The US dollar has been on a tear since bottoming at 93.73 on July 26, 2011.
On a trade-weighted basis, the greenback has rallied 30% over the past four and a half years, establishing its third “super cycle” since the late 19 70s.
Now, Morgan Stanley thinks the dollar is setting up for one “final leg higher,” aided by macro developments outside of the US. Specifically, MS says the dollar rally will be driven by “EM currency weakness and related US capital inflows.”
The bank believes EM must eliminate its output gap, or the difference between the actual output of an economy and its potential output.
Since the US has already eliminated its output gap and unemployment is at or near the non-accelerating inflation rate of unemployment (also known as NAIRU), or the level of unemployment below which an economy sees inflation increase, these factors should provide support for the dollar as they’re likely to result in a tighter labour market and higher US wages.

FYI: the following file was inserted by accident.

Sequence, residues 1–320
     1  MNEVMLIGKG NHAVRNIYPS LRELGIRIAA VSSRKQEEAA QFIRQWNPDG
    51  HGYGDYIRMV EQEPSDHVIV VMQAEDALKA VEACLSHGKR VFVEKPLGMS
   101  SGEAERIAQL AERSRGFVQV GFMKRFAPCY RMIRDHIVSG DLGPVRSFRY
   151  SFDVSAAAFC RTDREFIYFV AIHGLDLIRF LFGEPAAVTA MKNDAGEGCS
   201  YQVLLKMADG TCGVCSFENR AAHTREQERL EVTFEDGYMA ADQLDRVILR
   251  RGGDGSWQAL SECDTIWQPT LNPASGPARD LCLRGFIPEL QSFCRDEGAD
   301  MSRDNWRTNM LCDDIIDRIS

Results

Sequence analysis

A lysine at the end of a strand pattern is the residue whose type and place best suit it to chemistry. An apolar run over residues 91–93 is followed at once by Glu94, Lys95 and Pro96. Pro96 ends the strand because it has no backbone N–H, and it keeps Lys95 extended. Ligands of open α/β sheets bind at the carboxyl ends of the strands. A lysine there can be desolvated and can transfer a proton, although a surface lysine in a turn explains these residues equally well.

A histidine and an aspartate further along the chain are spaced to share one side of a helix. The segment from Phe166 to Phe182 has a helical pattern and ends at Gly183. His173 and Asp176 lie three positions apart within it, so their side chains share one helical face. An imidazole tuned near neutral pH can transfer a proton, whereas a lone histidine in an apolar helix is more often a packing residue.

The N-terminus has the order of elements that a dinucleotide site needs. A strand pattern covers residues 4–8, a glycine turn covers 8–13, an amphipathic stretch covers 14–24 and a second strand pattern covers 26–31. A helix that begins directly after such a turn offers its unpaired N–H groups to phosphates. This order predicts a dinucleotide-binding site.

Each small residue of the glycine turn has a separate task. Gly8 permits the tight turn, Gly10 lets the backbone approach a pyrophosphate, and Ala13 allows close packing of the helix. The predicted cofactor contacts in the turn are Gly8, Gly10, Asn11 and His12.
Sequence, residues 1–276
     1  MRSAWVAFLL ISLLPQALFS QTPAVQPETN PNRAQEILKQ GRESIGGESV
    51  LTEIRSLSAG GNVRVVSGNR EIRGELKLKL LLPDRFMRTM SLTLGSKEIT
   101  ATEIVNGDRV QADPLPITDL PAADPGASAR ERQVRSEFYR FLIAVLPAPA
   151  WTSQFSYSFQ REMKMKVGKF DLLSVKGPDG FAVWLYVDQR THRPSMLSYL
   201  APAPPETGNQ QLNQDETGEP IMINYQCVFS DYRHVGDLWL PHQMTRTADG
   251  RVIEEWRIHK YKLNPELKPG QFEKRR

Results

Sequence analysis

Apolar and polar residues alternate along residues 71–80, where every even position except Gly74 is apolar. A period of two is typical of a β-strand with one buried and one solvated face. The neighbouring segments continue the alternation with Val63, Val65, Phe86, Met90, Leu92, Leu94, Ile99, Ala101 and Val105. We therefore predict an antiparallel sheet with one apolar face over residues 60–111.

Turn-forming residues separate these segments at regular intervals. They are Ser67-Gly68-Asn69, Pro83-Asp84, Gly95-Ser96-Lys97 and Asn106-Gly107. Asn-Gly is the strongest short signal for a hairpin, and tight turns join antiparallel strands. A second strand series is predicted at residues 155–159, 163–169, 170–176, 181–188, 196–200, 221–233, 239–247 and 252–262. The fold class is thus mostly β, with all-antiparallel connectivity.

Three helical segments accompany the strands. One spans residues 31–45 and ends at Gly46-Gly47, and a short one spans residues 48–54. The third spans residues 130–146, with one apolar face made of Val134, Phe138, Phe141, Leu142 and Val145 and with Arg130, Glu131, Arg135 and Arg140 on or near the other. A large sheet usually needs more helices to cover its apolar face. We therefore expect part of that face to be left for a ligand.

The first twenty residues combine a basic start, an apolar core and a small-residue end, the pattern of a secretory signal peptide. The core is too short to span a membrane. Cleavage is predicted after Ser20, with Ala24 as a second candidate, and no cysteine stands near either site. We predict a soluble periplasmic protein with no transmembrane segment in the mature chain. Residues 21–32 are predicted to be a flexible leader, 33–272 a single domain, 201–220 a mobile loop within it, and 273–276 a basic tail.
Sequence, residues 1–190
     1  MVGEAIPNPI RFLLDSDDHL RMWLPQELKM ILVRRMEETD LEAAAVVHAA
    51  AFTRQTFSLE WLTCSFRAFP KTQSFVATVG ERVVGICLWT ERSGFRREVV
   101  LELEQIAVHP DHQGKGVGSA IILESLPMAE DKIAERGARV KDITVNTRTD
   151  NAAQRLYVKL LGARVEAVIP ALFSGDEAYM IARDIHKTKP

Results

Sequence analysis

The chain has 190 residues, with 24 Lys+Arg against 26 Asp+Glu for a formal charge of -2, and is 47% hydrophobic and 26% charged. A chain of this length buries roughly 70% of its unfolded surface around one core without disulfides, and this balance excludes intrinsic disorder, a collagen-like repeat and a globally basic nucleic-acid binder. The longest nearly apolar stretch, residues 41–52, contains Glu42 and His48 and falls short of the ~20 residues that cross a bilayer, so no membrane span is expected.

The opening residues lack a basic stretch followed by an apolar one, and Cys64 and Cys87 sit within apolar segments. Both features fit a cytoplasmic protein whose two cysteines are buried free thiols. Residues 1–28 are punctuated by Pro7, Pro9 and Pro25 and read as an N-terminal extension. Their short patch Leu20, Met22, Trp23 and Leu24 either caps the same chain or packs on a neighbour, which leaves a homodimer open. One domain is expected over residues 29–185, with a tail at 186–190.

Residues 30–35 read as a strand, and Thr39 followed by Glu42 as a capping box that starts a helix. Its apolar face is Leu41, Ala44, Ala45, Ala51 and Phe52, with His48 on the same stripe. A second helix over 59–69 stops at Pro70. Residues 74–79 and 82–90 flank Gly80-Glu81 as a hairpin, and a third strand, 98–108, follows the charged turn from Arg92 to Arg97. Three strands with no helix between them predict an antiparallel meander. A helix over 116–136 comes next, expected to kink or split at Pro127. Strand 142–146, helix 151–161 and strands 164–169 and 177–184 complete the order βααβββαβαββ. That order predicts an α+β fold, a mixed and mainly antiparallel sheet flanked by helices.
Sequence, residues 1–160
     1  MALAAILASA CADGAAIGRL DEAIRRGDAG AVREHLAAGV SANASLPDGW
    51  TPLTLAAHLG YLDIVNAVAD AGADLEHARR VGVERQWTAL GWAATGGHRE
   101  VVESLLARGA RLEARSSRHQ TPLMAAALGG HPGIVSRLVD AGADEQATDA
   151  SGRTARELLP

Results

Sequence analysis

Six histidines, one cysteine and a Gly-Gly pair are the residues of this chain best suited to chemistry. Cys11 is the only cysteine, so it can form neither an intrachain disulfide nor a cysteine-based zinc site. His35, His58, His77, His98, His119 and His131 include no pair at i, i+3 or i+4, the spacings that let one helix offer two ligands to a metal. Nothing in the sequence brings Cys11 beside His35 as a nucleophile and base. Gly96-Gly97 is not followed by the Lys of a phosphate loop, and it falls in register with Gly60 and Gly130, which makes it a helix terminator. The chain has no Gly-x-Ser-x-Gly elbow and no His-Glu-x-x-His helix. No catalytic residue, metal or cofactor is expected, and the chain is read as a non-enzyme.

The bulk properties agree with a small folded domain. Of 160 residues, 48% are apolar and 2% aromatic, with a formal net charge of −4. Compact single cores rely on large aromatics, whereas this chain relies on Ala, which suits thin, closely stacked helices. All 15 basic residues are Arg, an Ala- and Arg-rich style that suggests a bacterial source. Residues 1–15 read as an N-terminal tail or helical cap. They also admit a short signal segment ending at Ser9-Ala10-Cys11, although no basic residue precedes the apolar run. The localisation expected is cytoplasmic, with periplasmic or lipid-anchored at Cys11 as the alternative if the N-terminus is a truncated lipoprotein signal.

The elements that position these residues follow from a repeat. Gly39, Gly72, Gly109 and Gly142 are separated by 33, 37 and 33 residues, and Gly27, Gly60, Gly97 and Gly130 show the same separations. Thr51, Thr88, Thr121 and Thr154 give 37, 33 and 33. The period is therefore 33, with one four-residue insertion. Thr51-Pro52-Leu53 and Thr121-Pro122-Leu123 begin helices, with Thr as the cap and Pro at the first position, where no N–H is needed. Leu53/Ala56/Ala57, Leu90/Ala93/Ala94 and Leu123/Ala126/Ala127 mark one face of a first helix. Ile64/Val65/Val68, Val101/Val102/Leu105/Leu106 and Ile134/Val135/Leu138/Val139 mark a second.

So how far can the dollar run?
Morgan Stanley thinks the trade-weighted dollar will hit 135 by the end of 2017, good for another 10.7% rally from current levels.
At that point, the bank says the USD will “likely revert back to its status of being a funding currency for higher-yielding investment.”
Here’s a look at Morgan Stanley’s forecast: